What are the benefits and challenges of building relationships through technology?

When it comes to communication, Judy appreciates technology because it allows us to “segment relationships between professional and personal relationships.” On LinkedIn she maintains a professional profile whereas on Facebook she can express her creativity and keep her information private. Being able to segment messages and make them appropriate for the community that you are speaking to is a great benefit of technology for PR. Deborah has cultivated a worldwide network on Twitter that she turns to daily for news, information, feedback and guidance. She says social media is a tremendous addition to PR because even though there is nothing more important than face-to-face communication, sometimes we don’t get that opportunity. So we default to technology and can still form sincere, genuine, relevant, credible relationships.

How are you setting expectations for your influencer programs with your clients, internal teams and your influencers?

Influencer programs should start by identifying the client’s target audience and finding out where they’re getting their information, says Deborah. Employees, customers, partners and consumers are part of that audience, and so are influencers (both micro and macro influencers). The corporate social responsibility (CSR) community is important too, and Deborah emphasizes that businesses are expected to participate and deliver social good to the community which includes recipients of this social good and people affiliated with the message of the campaign. That is what PR has always been about, says Deborah, “Building bridges from one community to the next.”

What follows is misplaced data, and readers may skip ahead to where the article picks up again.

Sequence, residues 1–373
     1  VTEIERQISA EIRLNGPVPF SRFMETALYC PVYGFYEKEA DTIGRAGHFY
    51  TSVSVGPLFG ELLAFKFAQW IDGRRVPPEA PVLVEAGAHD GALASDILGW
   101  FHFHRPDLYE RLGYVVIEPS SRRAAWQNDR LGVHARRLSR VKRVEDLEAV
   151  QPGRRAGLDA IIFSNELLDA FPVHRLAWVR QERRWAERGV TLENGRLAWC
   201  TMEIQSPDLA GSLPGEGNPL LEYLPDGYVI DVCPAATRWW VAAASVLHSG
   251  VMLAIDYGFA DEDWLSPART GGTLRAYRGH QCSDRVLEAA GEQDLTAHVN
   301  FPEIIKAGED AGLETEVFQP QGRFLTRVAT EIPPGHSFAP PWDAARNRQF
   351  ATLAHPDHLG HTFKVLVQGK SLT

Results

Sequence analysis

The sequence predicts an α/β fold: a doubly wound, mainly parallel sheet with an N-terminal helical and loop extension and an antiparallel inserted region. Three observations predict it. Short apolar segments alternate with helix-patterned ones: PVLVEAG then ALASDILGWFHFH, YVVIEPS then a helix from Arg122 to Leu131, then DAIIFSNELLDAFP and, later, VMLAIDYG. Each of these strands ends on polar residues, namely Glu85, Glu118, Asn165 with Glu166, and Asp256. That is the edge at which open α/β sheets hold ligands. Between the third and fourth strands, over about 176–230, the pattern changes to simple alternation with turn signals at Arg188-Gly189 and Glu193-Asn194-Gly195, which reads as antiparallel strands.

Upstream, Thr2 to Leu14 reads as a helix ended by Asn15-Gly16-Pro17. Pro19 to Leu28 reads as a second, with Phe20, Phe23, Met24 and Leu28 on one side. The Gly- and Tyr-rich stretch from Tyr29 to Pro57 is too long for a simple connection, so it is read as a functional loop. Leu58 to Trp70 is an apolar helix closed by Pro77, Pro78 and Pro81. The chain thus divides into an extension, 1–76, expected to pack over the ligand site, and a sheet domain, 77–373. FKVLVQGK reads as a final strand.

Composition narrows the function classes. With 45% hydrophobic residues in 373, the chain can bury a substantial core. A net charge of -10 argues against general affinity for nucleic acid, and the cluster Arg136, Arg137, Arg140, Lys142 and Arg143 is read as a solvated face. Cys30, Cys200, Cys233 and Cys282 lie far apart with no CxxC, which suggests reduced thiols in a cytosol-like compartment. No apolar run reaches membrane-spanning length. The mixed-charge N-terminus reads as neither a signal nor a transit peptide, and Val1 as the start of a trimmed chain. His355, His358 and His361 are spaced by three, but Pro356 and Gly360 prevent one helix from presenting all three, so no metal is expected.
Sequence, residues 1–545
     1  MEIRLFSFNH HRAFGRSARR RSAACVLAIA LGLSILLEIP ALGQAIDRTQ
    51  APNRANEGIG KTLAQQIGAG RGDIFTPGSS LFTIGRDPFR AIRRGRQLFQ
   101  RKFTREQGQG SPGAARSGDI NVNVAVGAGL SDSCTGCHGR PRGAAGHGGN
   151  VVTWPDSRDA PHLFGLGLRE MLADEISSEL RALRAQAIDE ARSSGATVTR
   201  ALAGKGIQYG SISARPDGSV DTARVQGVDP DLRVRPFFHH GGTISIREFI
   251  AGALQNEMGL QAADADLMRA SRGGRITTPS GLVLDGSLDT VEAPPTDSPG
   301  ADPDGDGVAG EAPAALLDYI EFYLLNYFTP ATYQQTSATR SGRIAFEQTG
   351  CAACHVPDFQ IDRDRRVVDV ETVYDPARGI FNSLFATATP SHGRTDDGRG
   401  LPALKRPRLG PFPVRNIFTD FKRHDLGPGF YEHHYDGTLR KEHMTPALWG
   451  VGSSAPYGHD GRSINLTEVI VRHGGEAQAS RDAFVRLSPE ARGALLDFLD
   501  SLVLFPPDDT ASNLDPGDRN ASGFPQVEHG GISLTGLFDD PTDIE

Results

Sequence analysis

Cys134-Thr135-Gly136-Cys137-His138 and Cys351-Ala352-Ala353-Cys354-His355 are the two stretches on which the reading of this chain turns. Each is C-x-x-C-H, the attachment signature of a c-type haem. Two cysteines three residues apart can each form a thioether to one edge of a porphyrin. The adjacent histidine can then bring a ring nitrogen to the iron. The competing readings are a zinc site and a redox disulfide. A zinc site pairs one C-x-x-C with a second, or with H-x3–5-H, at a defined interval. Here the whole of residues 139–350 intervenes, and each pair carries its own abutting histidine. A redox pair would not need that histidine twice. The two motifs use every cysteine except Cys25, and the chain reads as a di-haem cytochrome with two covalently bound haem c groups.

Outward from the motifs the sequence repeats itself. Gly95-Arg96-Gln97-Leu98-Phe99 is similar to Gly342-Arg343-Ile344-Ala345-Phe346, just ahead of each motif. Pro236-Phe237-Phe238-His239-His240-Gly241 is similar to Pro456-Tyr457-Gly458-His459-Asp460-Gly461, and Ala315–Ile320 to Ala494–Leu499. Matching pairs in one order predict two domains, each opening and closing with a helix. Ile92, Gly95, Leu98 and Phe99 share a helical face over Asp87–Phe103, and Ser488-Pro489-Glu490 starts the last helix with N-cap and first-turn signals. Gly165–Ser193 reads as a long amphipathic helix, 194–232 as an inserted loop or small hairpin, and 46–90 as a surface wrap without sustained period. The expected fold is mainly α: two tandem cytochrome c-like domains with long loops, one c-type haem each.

When looking for influencers for a particular campaign, Judy starts by clarifying what she wants to achieve and making sure there is alignment between the campaign, the influencer, and the influencer’s channel(s). For example, a program that she would do with an influencer on Instagram would involve beautiful, inspiring visuals, but from a blogger, she’s looking for a connection with the messages, words and stories. She evaluates each relationship differently and specifically; not only the influencers and their communities, but the platform where the influencer is strongest, and whether or not it will fit and drive success for the campaign.